The Dutch Firm UNStudio unveiled their designs for the environmentally-friendly Kutaisi airport in December 2011. UNStudio describes the design as incorporating both Georgia’s historic landscape and its architectural traditions. The open entrance to the airport with massive transparent walls that project arrival and departure information is meant to reflect the entrance lobbies that are used as showcases in private Georgian houses. The entrance is also meant to reflect Georgia’s location on an important land bridge, with a long history of welcoming travellers.
“It was particularly exciting for me to be able to design an airport which is not only linked to the new seat of parliament in Kutaisi, but which also creates an entrance condition which functions as a port for the international community,” explained Ben van Berkel, the designer and founder of UNStudio. “The airport presents a symbolic infrastructural gateway to Georgia and, from there, to the rest of the world.”
In addition to the open entrance, the terminal design includes a departure lounge, indoor and outdoor gardens, three departure gates, car rental facilities, retail stores, an arrival area with a customs hall, offices for border police and staff and rooms for the press. The Air Traffic Control tower is 55 meters high and made of transparent material that changes color with fluctuations in air traffic. Van Berkel noted that the tower was designed to be both a light beacon for airplanes as well as for folks traveling to and from the airport on the ground.
The design’s green features include using a natural underground water source to maintain the interior temperature of the airport and strict regulation of waste. This last measure is meant to encourage recycling not only at the airport, but in the city beyond.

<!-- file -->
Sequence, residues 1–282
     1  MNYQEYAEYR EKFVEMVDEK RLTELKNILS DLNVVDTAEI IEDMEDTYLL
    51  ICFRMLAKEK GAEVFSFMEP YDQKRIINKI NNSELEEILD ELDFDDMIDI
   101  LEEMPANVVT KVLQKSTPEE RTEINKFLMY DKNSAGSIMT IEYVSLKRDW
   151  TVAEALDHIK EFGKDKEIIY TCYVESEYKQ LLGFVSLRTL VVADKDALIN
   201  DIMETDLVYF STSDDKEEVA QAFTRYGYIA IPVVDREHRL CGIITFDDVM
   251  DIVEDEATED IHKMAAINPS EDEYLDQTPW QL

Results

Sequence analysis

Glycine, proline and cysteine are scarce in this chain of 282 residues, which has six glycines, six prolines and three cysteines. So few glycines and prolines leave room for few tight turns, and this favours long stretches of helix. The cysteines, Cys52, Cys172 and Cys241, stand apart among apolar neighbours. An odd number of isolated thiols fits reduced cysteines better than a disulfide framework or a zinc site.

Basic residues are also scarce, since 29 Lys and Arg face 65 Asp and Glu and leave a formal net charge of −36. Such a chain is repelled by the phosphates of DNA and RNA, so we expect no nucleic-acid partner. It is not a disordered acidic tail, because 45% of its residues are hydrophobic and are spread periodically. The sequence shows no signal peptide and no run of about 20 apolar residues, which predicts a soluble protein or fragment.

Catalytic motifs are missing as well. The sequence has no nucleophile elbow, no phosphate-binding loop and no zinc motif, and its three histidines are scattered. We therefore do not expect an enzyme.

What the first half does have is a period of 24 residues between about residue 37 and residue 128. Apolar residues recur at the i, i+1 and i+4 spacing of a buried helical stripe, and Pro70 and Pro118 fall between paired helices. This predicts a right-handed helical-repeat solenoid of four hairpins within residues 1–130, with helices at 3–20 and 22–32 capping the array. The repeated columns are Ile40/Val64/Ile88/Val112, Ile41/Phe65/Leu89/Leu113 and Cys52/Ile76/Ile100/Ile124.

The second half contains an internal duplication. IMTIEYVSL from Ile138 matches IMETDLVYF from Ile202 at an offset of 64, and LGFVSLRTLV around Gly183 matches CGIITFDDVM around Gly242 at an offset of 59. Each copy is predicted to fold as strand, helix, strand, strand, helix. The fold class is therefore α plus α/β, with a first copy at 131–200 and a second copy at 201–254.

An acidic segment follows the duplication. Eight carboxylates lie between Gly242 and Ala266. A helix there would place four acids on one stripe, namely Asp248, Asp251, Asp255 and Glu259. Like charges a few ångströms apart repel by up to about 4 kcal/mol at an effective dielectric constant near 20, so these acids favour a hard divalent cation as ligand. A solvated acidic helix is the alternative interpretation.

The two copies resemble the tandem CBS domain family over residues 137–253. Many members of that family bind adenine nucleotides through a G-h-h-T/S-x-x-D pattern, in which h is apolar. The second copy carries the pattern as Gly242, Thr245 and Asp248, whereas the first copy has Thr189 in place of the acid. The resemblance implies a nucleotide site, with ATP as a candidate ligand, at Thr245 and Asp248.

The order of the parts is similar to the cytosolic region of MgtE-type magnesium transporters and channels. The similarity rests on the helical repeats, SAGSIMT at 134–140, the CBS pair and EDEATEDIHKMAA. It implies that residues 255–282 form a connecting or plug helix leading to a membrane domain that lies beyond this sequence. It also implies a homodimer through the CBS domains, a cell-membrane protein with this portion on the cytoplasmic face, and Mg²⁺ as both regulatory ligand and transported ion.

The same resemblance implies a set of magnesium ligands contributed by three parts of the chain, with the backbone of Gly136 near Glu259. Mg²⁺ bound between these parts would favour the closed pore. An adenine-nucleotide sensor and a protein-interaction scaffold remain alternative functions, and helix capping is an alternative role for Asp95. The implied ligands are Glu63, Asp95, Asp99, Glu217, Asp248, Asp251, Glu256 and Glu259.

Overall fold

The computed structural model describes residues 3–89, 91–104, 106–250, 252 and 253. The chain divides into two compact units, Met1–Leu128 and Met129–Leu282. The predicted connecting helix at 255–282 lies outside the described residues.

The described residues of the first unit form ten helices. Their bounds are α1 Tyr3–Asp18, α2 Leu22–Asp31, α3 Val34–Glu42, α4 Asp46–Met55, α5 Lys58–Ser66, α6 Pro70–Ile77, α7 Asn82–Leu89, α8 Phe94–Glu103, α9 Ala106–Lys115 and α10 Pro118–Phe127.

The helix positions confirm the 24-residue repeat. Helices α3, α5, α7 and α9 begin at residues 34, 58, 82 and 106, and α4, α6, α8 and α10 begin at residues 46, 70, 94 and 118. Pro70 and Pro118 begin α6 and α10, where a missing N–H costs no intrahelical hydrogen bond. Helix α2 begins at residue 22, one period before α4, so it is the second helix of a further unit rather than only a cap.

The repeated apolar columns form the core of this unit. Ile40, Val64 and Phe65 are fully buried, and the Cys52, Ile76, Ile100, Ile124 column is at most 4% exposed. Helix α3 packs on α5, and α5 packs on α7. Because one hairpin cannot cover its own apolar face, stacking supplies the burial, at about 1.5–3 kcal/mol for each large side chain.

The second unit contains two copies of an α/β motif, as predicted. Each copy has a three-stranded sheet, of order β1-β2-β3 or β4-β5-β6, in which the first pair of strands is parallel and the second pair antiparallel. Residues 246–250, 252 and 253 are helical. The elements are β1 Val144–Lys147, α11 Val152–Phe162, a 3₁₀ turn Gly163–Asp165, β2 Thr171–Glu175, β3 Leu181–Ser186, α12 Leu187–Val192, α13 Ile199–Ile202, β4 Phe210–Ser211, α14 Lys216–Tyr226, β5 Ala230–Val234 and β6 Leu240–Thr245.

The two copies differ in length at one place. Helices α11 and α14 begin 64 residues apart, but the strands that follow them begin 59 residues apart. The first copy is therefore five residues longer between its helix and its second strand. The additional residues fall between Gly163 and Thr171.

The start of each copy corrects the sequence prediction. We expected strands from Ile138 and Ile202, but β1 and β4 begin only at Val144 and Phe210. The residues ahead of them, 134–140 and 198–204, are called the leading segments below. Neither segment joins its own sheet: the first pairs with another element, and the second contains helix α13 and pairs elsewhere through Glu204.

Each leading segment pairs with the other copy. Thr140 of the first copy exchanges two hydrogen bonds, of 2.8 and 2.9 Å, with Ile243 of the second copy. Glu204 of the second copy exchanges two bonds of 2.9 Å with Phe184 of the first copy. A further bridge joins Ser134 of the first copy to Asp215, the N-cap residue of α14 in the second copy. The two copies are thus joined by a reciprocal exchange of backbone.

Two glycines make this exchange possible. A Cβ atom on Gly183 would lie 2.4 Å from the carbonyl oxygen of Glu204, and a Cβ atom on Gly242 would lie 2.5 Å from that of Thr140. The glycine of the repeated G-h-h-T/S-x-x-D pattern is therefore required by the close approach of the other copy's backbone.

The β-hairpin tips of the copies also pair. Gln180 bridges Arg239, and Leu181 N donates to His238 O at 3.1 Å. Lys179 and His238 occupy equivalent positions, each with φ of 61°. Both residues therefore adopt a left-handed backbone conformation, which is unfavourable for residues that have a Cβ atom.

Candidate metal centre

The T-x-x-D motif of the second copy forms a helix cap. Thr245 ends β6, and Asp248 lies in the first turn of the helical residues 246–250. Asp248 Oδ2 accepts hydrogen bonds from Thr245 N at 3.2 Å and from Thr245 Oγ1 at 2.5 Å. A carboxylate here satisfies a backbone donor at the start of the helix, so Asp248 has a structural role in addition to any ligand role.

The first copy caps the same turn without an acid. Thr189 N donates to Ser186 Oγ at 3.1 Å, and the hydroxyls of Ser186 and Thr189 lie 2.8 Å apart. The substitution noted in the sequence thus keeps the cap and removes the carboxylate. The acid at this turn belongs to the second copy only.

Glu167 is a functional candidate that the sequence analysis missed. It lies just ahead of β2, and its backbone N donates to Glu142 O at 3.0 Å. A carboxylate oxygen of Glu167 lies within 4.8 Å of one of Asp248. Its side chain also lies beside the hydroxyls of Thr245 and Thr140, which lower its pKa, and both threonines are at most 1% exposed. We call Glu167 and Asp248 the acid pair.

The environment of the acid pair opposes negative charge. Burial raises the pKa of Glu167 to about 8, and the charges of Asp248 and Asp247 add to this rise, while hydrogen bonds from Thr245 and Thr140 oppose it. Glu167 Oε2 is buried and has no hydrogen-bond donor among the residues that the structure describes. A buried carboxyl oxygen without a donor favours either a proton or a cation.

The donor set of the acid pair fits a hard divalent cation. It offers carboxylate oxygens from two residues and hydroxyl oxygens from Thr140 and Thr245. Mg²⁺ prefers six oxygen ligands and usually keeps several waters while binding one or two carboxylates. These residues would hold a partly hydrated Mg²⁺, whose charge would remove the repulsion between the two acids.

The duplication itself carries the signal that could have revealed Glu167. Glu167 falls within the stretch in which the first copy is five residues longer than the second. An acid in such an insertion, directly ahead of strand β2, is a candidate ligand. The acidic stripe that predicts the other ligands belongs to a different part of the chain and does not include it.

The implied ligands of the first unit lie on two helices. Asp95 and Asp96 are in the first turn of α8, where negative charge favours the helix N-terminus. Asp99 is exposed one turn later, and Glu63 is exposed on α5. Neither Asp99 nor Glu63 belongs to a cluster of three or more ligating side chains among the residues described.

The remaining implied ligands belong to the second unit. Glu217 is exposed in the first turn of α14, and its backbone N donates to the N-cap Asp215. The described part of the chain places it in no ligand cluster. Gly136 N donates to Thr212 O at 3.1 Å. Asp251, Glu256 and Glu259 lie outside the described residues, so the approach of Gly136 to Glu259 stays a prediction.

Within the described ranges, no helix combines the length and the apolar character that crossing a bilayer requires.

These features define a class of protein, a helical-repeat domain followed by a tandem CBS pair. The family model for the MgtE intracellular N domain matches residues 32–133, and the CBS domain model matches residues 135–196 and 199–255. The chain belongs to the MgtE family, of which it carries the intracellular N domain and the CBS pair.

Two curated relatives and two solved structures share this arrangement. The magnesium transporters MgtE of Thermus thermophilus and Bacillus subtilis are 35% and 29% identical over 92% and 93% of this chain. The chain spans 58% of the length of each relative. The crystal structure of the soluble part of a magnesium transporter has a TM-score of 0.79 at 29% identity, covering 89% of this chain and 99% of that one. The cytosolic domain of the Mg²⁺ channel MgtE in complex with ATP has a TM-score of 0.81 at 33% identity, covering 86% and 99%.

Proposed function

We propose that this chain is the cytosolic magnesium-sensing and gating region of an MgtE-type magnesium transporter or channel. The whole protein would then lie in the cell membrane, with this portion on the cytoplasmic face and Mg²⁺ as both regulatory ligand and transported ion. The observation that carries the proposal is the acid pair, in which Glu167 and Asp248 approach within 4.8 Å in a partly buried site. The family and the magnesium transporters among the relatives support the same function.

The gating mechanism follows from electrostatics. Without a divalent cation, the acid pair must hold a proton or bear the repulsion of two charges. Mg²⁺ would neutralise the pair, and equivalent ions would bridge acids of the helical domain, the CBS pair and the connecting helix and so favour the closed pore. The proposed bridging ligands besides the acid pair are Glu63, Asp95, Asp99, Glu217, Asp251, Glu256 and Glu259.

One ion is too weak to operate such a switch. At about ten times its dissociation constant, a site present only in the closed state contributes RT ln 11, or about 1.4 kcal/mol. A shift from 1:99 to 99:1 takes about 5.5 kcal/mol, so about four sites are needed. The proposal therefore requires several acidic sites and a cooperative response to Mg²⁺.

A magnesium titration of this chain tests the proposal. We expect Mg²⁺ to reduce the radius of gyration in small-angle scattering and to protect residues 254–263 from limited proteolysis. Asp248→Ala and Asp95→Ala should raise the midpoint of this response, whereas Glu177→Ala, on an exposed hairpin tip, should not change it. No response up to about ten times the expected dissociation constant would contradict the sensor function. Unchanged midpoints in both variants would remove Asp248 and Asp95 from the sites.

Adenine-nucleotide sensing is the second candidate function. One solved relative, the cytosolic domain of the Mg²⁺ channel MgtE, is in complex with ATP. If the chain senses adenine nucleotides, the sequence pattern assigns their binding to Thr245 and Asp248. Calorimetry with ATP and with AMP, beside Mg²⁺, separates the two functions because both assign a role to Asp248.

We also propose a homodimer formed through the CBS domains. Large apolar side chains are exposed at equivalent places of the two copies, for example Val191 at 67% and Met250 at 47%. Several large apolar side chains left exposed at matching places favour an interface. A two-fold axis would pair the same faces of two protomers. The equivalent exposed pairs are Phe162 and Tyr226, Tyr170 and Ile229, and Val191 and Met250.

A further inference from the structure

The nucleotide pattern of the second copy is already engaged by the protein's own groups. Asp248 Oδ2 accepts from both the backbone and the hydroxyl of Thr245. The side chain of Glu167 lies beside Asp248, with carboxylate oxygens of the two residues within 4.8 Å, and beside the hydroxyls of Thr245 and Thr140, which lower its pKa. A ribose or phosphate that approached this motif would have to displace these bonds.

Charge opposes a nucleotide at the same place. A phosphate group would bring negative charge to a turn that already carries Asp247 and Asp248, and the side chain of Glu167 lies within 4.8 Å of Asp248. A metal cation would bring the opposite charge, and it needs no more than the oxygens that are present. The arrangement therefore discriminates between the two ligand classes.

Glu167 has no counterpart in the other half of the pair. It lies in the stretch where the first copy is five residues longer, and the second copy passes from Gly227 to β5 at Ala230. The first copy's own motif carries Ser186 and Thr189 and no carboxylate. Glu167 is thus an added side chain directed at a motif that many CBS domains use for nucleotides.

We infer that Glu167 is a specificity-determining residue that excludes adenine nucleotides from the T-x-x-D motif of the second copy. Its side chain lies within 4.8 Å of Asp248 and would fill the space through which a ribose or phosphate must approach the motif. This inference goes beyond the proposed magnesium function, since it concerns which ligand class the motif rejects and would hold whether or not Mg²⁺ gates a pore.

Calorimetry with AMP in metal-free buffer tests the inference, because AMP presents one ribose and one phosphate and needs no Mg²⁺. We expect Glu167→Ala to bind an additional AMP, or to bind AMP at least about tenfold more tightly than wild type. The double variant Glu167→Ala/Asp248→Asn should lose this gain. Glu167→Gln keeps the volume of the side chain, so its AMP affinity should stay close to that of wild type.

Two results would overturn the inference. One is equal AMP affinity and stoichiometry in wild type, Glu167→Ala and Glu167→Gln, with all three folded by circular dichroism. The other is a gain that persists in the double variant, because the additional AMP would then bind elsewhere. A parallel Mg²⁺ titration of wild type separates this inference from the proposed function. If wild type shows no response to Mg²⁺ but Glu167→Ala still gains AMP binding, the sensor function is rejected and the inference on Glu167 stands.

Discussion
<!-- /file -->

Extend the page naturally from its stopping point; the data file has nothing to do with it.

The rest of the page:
It is perhaps surprising that the Georgian government chose such a futuristic, cutting edge studio to design the airport, especially since Georgia is so deeply engaged with its past. The reason for the choice is, unsurprisingly, political. Saakashvili, whose wife is Dutch, explained when the designs were unveiled: “I’m hoping that the airport will be a landmark for Dutch investment, too, the Netherlands being one of the biggest investors in the country.”
With much of the construction yet to be started, lots of aviation regulations to deal with and plenty of air carriers left to woo, it is not yet time to get congratulatory about the airport. We must admit, however, that so far the project seems both promising and exciting, so, let’s drink to the success of Georgia’s third international airport. kutasis aeroportis gaumarjos!
Laura Linderman has an M.A. in Cultural Anthropology and Russian and East European Studies from Indiana University. She has more than 5 years experience working and researching in Georgia. She can be reached at ljlinderman [at] gmail [dot] com.
 The government plans to use e-government capabilities to facilitate communication between Kutaisi and Tbilisi. However the state of Internet service in the country makes the viability of this plan questionable for the short term. Furthermore, a National Democratic Institute poll found that only 8 percent of Georgians thought the measure would bring parliament closer to Georgians, and 30 percent thought it was a waste of money.
One thought on “Kutaisi’s Airport: Georgia’s Opportunity – OpEd”
Kutaisi is also a major labor migrant sending region. I am surprised that that Georgia’s main export (labor) is not mentioned here.